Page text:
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Native Band Says City Pulled a Fast One

VANCOUVER, B.C. (CN) - A Native American band claims city officials in the Vancouver suburb of Richmond dropped the ball on trying to have a piece of property removed from the region's agricultural land reserve, forcing the band to sell it to the city at below market value, "under duress, and to mitigate its loss."

The Musqueam Indian Band and developer Garden City Limited Partnership claim the city of Richmond signed a memorandum of understanding governing the land's use back in 2005. It was based on the property's being removed from the agricultural land reserve, to be used in part for public parks and amenities, including a possible trade and convention center, with the rest slated for development by the plaintiffs.

Plaintiffs claim it was an "implied" term of the deal that the city would "not do anything to hinder the removal of the lands from the [agricultural land reserve] or to frustrate Musqueam's interests in the development of the lands."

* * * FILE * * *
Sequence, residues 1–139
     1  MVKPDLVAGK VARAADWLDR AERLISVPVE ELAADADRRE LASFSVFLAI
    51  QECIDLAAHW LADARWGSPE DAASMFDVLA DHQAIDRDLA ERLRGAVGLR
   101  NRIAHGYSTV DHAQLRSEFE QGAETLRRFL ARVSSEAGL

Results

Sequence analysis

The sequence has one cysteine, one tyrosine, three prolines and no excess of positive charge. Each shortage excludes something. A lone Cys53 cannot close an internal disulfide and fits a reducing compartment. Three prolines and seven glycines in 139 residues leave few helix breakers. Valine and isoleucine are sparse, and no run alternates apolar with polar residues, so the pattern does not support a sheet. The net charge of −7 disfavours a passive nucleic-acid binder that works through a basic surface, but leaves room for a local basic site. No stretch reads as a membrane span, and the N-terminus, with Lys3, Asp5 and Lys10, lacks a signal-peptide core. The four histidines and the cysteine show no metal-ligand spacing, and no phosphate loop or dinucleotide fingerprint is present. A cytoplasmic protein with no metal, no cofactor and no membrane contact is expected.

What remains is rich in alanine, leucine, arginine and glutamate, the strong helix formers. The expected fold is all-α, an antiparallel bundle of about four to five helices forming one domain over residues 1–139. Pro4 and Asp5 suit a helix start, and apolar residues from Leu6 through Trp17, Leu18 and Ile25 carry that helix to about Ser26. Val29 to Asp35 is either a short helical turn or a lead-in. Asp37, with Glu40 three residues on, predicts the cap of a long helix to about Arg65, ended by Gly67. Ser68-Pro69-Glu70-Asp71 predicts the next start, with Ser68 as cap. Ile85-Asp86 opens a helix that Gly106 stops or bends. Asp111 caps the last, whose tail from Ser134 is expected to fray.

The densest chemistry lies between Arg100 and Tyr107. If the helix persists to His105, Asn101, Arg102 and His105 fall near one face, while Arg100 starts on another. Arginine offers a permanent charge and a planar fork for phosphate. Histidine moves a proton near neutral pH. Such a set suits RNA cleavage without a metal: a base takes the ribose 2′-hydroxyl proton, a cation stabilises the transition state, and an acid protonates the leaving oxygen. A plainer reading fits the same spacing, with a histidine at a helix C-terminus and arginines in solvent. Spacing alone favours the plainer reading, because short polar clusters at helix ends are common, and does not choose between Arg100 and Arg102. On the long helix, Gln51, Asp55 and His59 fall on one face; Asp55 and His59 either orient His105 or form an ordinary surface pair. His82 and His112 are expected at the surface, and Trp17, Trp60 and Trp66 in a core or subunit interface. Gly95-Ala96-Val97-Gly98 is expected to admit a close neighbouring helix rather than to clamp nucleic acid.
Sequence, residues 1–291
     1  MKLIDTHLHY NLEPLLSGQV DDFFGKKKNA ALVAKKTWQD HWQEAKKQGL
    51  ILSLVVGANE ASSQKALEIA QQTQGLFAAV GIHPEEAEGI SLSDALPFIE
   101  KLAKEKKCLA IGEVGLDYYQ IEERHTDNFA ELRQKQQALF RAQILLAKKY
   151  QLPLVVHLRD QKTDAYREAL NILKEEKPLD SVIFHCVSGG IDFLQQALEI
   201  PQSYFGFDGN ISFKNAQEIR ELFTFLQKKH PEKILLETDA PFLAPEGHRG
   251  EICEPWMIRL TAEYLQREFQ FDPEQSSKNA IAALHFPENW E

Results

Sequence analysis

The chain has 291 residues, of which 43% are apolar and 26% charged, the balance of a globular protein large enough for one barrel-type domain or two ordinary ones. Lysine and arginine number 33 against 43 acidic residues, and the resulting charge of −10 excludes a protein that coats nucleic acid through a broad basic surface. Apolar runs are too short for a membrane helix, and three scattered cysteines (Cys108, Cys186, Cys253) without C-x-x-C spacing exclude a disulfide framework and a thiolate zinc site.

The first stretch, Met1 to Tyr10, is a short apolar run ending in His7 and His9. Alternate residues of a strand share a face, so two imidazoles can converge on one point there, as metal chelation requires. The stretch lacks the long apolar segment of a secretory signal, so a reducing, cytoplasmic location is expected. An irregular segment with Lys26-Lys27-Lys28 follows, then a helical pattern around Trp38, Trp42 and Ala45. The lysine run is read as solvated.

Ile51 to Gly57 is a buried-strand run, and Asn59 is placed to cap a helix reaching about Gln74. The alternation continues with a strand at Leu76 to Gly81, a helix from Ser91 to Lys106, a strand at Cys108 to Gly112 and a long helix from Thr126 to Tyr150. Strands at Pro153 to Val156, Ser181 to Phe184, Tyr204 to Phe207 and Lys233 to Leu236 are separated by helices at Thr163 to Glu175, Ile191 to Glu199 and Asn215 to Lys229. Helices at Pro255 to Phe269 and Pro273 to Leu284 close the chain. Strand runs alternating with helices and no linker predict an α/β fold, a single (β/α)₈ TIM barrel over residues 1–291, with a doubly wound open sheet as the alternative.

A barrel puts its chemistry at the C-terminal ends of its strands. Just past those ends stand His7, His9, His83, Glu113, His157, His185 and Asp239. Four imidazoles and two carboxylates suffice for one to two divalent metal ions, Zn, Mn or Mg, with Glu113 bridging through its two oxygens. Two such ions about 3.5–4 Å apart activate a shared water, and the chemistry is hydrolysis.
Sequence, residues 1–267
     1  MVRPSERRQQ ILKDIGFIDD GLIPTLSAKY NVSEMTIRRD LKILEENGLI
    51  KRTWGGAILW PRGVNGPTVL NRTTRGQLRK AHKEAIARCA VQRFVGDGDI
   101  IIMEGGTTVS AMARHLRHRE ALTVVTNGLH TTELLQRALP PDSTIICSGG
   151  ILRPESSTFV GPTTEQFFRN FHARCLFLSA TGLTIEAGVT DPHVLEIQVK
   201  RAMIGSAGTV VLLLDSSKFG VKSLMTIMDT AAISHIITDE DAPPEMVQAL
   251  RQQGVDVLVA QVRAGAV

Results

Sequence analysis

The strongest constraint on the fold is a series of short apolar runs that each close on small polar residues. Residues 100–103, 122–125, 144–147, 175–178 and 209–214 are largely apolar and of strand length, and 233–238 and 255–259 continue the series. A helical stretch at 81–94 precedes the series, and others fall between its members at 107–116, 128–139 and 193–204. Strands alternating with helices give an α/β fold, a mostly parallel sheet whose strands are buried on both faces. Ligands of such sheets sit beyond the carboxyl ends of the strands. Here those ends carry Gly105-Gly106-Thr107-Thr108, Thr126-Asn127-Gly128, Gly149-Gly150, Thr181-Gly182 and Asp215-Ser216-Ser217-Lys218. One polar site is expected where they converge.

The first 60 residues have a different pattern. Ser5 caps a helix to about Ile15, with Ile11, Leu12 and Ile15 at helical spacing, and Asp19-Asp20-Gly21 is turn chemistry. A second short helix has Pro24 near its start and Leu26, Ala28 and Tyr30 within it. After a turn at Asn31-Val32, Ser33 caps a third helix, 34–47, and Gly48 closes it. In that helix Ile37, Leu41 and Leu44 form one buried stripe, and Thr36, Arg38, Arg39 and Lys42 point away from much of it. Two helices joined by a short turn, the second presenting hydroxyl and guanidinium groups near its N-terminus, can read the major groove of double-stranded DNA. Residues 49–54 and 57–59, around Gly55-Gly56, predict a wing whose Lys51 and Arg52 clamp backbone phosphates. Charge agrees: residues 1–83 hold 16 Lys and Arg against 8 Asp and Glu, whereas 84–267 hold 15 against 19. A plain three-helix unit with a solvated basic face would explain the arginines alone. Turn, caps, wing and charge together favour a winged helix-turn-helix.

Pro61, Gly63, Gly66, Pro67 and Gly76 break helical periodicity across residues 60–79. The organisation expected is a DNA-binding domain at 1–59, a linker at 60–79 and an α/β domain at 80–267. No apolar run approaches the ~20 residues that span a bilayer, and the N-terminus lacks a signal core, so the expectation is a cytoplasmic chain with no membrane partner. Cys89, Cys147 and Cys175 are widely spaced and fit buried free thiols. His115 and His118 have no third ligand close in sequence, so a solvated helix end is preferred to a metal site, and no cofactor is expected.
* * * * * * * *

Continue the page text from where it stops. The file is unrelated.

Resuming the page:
But the band says the city failed to respond to requests from the province's Agricultural Land Commission for information about the removal application, and the commission refused to remove the land from the reserve as a result.

Then the city made an unsolicited offer to buy the lands "for significantly less than the value of the lands were they to be developed as agreed," according to the complaint.

The band says that although it never released the city from the original 2005 deal, "accepted the offer under duress, and in order to mitigate its loss." It seeks declaratory judgment and damages for breach of contract, negligence, and unjust enrichment.

Plaintiffs are represented by Maria Morrellato of Mandell Pinder.

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